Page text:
Tuesday, September 4, 2012

Spina Bifida NZ Disappointed by Folate Decision

Spina Bifida NZ Disappointed by Folate Decision

Spina Bifida New ZealandFriday 31 August 2012, 11:08AM Media release from Spina Bifida New Zealand

The Minister of Food Safety, Kate Wilkinson today announced her decision not to introduce mandatory folate fortification into New Zealand, despite this being international best practice in 75 other developed and developing countries.

Submissions to the Ministry of Primary Industries that favoured mandatory fortification were received from professional medical associations, doctors and families affected by a neural tube defect (NTD) pregnancy. Submissions favouring voluntary fortification were received from individual consumers, industry associations and individual bakery firms.

In the Ministers briefing paper to Cabinet1 New Zealand had an average rate for Neural Tube Defect (NTD) affected pregnancies of 12.9 per 10,000 births from 2005-2009. This equates to 80 NTD affected pregnancies per year based on 19 live births, 14 stillbirths and an estimated 47 pregnancy terminations.


The decision taken today must mean that the Minister and the New Zealand Association of Bakers place no value on the lives of 61 babies lost and the impact that this has on their immediate and extended families. If two buses crashed and 61 children's lives were tragically cut short, as a country we would honour their lives with a national day of mourning. The real tragedy is that these little lives are being lost quietly, out of public (but not private) view, and are seen as disposable.

As a society, we are unable to demean disabled people by parading physically deformed babies before the public or film the pain the parents feel as they watch their baby being terminated to demonstrate the trauma and conflict that a NTD diagnosis causes. It is the unborn babies and those yet to be conceived who will pay the price for this decision when their lives are cut short and terminated because they are diagnosed with having a Neural Tube Defect (including Spina Bifida).

The New Zealand Government needs to acknowledge that the termination of an NTD affected pregnancy following prenatal diagnosis is not part of their preventative strategy. Folate plays a key role in preventing NTDs for women planning a pregnancy, but in New Zealand 50% of pregnancies are unplanned. Folate also plays a key role in other key areas of health, improving cognitive function in the elderly, development of speech language and prevention of cleft lip and palate and is required for cell division and repair. Folate fortification has health benefits for all of society. These benefits not only have an impact on the health budget but on the lives of everyday New Zealanders.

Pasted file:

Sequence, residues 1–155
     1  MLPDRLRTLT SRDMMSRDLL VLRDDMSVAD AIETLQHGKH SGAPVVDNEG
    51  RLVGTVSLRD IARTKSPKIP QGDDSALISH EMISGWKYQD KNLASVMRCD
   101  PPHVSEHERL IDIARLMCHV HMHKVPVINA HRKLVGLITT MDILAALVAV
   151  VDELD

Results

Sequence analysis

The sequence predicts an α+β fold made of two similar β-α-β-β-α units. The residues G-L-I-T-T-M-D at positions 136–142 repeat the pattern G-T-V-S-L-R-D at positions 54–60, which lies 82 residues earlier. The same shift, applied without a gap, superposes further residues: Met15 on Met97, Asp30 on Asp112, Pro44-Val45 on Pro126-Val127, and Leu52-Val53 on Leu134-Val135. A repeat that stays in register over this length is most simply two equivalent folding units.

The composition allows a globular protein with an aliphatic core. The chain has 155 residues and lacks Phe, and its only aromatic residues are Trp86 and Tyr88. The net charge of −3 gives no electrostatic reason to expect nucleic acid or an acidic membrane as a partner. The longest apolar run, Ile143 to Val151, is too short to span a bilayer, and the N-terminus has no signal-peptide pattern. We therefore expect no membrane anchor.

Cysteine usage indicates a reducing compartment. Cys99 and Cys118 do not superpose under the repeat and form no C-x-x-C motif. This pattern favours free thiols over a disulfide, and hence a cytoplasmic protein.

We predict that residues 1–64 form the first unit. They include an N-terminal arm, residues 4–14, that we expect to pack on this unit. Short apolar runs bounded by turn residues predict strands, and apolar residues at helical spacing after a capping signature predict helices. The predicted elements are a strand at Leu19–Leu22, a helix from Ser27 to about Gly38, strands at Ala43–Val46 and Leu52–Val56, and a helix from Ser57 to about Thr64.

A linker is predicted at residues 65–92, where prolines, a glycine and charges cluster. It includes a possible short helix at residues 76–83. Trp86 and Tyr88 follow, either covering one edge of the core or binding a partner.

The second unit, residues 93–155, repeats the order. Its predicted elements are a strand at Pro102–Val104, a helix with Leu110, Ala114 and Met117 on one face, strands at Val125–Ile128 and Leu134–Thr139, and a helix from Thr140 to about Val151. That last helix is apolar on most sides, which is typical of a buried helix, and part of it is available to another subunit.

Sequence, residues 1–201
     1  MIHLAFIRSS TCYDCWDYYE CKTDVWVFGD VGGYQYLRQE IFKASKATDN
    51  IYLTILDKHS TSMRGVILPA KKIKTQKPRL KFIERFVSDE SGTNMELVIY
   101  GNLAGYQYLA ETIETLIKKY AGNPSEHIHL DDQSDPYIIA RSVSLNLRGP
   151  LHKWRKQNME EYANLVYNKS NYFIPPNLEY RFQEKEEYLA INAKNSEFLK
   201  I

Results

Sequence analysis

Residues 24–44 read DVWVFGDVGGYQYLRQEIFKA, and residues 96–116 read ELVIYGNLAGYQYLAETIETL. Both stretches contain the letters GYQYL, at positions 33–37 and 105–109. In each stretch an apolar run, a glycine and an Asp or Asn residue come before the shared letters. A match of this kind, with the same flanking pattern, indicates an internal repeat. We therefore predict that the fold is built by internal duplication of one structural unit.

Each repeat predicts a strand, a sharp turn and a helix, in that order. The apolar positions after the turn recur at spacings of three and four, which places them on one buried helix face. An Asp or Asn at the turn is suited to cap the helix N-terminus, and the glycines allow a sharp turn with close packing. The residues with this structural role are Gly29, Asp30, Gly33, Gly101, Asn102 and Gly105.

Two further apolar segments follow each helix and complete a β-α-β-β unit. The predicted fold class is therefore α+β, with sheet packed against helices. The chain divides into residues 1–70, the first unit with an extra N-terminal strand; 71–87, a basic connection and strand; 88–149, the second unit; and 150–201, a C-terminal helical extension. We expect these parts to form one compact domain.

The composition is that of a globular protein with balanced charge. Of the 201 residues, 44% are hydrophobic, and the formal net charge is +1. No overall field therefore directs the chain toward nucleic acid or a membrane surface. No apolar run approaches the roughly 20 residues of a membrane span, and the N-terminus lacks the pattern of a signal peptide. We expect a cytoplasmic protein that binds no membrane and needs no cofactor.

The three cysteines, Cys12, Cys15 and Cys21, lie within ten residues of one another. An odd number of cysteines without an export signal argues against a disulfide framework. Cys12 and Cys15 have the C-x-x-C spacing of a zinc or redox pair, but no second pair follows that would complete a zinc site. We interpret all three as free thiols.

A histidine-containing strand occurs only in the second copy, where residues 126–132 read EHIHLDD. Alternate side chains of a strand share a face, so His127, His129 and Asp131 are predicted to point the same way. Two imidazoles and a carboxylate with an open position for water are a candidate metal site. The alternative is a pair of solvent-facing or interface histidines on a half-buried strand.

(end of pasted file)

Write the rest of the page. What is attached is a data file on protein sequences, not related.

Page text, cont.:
An eminent Canadian doctor, Dr AGW Hunter said that "we need to feel a sense of responsibility and failure every time a baby is aborted because of an NTD, or a child is born with this preventable disability". The decision announced today contravenes the United Nations Convention on the Rights of the Child (UNCRC Discussion 6 October 1997). The NZ Government has a legal responsibility to protect children from disability before birth and all circumstances which might result in disability at the time of birth.

SBNZ only hopes that the Minister and the New Zealand Association of Bakers will now bear that responsibility on their shoulders and that parents of babies diagnosed with Spina Bifida are given access to the MOH High Cost Treatment Pool to access prenatal surgery internationally.

Why pre-natal surgery makes sense, for some, for spina bifida

Why pre-natal surgery makes sense, for some, for spina bifida

Posted: Aug 24, 2012, 9:17 am
By Jeff Hansel
The Post-Bulletin, Rochester MN

Mayo Clinic surgeons in May performed surgery on a fetus before birth to decrease almost certain complications of spina bifida.

The baby was born by cesarean section in early August and is doing well, though she might face struggles.

In "myelomeningocele,"(the most severe form of spina bifida, the spinal cord is open to the amniotic fluid during pregnancy, and complications build as the pregnancy progresses. Almost all infants with this form of spina bifida have complications, such as the brain essentially sagging toward the spinal column.

Standard treatment has been surgery after birth, and babies often need a permanent shunt to drain fluid the brain isn't able to dispose of on its own.

Many believed surgery before birth would help because it would allow babies' neural systems more time to develop naturally. But no one knew for sure if this would keep more babies alive or, because of a higher risk of premature birth and other factors, would be harmful.

So researchers convinced every prenatal surgical center in the U.S. to cease early-intervention surgeries unless they were part of a national research study, says a March article in the New England Journal of Medicine.

From February 2003 to December 2010, women were offered the surgery at one of only three locations — Children's Hospital of Philadelphia, Vanderbilt University and the University of California at San Francisco. The data was analyzed at an independent center.

"Children in the prenatal-surgery group were more likely than those in the postnatal-surgery group to be able to walk without orthotic devices," the New England Journal article reported. Also, prenatal surgery before 26 weeks of gestation "decreased the risk of death or need for shunting by the age of 12 months and also improved scores on a composite measure of mental and motor function."